sorry rfos, but "both sides need to make better choices?" she chose to get drunk with kids from her school. they chose to rape her over an extended period of time and a lot of people glorified it on social media. putting the two together as "bad choices" makes it sound like you think the bad choices are somehow equal in severity. if the same football players passed out at a party and were sodomized, i wonder how many people would blame them for being there and for drinking with people they thought they knew?
    Coco and (deleted member) like this.
  12. RFOS

    RFOS Well-Known Member

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    I definitely don't think the "bad choices" were AT ALL equal in severity and specifically said that. The guys' behavior and the glorification of it are absolutely beyond vile, inhumane, and make me feel sick. The girl could have made better choices by not getting really drunk (though I remember now that there was discussion that she may have been drugged, which makes the actions of the guys even more disgusting). I don't think it's a good choice for anyone to get that drunk (if she did make that decision on her own), though obviously lots of people do it. Personally I wouldn't consider it immoral or say she's "morally" to blame for anything, and CERTAINLY not her rape (which the guys certainly are). She in no way deserved any of that and I feel terrible for all she's been through. I can't even imagine what it must be like. :(

    I'm also probably not "normal" because I'm usually a cautious, non-risk taking person (which certainly hasn't served me well in some areas, such as relationships :shuffle: ) and have never been drunk (all combined I've probably had the equivalent of a few drinks in my life, mostly comprised of small sips. I don't like the taste of alcohol and never saw the point of getting drunk or trying to acquire any kind of taste for it, specifically because I knew that various bad things would be more likely to happen (whether doing something stupid myself that I wouldn't normally do, or learning to like it too much, or ending up in a bad situation where I was drunk and didn't know what happened, or having to drive when I had had even a little bit to drink beforehand). It was a risk I didn't want to take, and I don't think I'm morally better for making the choice I did, but am glad that I did.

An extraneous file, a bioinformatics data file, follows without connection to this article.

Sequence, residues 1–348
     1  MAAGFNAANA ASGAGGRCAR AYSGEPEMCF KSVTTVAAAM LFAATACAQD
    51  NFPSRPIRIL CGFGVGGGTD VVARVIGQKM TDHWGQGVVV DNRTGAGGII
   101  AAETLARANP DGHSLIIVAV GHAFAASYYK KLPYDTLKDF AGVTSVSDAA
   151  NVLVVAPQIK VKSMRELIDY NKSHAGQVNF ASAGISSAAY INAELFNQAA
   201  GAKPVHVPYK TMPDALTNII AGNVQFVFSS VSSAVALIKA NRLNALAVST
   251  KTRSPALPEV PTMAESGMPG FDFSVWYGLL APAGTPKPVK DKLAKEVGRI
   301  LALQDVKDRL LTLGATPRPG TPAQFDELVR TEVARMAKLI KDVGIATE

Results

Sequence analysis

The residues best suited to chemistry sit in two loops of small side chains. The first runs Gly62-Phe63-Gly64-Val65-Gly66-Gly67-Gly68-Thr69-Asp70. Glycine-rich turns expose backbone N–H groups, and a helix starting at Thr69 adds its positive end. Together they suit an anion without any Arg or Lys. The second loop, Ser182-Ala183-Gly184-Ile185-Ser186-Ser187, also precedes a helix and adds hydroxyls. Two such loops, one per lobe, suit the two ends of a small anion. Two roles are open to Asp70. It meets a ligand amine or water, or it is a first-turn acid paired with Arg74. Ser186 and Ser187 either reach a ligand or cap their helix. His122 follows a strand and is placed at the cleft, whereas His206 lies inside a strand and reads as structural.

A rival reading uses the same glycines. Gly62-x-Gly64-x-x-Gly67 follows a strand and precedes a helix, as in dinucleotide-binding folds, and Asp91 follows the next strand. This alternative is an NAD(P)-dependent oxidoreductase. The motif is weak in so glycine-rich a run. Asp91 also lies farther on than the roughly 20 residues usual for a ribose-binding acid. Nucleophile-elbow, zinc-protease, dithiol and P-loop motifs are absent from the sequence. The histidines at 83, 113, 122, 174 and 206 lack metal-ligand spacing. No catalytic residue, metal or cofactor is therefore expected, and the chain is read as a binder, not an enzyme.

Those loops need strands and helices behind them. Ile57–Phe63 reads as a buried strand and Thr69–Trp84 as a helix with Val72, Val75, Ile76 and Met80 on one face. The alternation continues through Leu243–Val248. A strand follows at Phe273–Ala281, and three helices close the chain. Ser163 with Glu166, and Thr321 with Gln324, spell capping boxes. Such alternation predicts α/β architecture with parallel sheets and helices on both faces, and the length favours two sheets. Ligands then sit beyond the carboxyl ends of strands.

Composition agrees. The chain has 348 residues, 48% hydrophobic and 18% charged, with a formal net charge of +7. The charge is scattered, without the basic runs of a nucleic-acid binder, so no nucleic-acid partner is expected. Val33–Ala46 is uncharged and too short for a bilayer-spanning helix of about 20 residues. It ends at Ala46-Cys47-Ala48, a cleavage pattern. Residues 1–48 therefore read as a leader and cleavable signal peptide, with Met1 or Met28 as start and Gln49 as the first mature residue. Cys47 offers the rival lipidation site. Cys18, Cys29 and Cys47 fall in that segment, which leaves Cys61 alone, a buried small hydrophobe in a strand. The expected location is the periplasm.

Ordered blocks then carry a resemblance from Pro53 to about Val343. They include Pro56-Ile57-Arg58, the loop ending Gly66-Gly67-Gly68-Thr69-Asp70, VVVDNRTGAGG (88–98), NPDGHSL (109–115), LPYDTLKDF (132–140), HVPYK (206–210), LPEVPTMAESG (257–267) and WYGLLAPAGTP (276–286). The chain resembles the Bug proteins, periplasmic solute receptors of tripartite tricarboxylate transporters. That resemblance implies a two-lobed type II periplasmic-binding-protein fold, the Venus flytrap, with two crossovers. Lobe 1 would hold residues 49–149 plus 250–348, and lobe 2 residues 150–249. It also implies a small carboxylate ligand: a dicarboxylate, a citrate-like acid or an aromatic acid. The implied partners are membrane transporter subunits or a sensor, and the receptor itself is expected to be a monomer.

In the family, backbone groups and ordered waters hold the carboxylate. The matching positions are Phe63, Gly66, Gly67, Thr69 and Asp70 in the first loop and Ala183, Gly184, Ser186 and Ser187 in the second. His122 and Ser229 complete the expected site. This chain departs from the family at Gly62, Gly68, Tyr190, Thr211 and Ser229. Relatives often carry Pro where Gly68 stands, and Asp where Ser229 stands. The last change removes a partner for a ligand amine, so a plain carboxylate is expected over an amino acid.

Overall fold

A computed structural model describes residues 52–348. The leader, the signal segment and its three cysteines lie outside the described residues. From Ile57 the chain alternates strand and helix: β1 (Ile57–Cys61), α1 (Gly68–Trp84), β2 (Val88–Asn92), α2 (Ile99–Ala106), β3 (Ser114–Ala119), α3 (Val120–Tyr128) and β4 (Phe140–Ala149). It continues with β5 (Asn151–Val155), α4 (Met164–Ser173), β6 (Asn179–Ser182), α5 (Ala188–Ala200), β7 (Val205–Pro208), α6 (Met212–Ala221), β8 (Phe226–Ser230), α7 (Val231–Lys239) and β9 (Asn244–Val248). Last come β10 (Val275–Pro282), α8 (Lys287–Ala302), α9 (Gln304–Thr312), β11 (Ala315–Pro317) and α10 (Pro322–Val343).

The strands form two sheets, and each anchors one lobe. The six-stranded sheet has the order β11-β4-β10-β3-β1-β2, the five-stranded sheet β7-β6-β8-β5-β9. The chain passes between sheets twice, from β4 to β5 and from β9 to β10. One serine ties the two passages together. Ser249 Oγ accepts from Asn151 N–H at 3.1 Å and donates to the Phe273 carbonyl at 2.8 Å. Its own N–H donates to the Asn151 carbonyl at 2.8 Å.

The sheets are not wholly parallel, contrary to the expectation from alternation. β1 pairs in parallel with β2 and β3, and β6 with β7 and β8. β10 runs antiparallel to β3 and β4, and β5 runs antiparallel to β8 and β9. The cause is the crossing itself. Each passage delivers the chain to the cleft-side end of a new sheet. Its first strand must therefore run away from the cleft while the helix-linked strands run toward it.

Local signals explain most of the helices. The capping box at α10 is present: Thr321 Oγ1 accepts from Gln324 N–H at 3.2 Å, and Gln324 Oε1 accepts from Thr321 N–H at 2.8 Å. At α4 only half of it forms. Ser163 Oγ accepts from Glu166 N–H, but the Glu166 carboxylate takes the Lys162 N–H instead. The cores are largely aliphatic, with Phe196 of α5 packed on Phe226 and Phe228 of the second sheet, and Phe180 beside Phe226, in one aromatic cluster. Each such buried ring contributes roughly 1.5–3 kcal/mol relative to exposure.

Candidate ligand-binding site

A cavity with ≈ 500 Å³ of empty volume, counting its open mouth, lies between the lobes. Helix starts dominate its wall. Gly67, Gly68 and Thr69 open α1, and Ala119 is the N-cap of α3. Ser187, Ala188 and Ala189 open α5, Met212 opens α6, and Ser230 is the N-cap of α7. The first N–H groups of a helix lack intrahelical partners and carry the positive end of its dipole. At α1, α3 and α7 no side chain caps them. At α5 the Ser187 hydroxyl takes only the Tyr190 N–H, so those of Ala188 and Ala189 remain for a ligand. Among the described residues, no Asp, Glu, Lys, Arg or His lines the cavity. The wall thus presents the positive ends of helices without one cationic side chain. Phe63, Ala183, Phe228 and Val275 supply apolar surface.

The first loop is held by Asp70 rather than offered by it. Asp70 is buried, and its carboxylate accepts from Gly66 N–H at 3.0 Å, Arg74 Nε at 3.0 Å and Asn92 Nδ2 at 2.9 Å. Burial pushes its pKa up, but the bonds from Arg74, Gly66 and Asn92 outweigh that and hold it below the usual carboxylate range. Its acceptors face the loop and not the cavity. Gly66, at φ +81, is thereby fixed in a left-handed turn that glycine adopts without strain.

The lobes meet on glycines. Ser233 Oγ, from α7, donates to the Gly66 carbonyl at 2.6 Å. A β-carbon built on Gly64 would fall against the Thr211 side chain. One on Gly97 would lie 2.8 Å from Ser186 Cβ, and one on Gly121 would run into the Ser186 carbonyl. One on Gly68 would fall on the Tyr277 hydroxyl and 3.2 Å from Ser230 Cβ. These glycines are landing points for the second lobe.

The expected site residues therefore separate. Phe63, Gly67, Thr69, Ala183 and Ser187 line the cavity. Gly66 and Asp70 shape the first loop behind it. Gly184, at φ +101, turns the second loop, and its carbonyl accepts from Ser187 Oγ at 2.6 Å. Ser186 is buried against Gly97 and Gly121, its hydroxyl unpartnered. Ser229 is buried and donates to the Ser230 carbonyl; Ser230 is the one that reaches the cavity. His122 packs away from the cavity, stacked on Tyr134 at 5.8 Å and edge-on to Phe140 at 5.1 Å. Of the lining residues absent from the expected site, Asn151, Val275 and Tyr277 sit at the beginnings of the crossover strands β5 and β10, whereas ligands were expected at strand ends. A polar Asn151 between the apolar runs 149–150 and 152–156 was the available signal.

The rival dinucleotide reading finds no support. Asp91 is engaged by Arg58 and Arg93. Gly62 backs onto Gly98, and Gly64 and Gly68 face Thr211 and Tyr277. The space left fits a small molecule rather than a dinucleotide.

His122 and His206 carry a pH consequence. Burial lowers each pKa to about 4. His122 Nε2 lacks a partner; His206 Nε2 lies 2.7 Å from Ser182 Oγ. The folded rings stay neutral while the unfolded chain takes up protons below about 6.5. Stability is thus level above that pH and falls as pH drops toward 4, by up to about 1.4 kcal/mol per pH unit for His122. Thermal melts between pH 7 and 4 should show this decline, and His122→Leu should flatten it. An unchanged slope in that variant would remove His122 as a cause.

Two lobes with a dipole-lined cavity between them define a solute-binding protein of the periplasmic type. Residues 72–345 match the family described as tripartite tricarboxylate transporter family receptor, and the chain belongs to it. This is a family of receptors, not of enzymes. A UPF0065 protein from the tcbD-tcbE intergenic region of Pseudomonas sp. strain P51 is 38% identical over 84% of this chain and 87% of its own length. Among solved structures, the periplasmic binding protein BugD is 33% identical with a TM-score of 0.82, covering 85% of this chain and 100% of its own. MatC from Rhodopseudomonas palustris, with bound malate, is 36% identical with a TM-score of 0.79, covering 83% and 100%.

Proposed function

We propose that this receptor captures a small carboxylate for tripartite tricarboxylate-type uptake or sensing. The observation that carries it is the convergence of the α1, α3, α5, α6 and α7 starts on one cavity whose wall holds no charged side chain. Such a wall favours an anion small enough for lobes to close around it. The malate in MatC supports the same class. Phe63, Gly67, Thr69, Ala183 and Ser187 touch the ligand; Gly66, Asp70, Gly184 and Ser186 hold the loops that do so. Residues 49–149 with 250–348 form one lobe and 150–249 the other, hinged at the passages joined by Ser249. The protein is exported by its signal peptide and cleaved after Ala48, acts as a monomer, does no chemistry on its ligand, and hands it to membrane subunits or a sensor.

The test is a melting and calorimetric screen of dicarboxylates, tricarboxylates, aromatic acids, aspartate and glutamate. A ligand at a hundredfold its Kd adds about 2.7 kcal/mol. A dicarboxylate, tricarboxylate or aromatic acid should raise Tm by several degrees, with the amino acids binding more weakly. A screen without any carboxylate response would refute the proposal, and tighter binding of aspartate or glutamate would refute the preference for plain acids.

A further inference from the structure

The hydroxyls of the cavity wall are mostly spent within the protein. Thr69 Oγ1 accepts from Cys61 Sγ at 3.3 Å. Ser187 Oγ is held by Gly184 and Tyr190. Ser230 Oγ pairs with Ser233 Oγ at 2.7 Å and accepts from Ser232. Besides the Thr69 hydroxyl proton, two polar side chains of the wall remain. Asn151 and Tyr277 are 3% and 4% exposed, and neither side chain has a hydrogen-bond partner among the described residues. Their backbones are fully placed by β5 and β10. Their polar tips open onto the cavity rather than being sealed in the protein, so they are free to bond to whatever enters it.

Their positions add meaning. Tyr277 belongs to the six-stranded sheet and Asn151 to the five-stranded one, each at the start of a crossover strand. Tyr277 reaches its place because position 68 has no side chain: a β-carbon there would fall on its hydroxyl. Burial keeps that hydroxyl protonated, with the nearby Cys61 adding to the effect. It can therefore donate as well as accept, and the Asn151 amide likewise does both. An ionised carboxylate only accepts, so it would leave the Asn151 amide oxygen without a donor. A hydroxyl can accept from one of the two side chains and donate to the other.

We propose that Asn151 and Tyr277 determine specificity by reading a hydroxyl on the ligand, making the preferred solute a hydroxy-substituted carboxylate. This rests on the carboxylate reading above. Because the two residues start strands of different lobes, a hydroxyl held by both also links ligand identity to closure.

13. my little pony

    my little pony snarking for AZE

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    people who know each other of all ages drink together without anyone getting raped. underaged drinking with people you know doesnt equate to getting raped. she wasnt raped and held for over 6 hours because she was drunk or because she was dressed "wrong." she was a victim of a crime because some criminals thought it would be funny and cool to violate someone and film it. could she have fought off all of them sober? probably not but it doesnt matter. if you get robbed in a bad area, do people go easy on the thief because you should have known better? no, they dont.
  14. RFOS

    RFOS Well-Known Member

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    I didn't say it did. No one deserves to be raped under any circumstances and they shouldn't have to worry about being raped regardless of whether they get drunk or not. It's sick and unfortunate that it happens to anyone, but it does.

    And they shouldn't. They shouldn't go easy on the rapists based on whether the rape victim willingly got drunk at a party either, because the rapists' actions were equally despicable and wrong either way. I'm not advocating any difference in their sentencing or treatment in the media for that reason.
  15. milanessa

    milanessa engaged to dupa

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    Really? There's no equal about it. I know you're not defending the rapists but the way you're phrasing some things is a little discomfiting.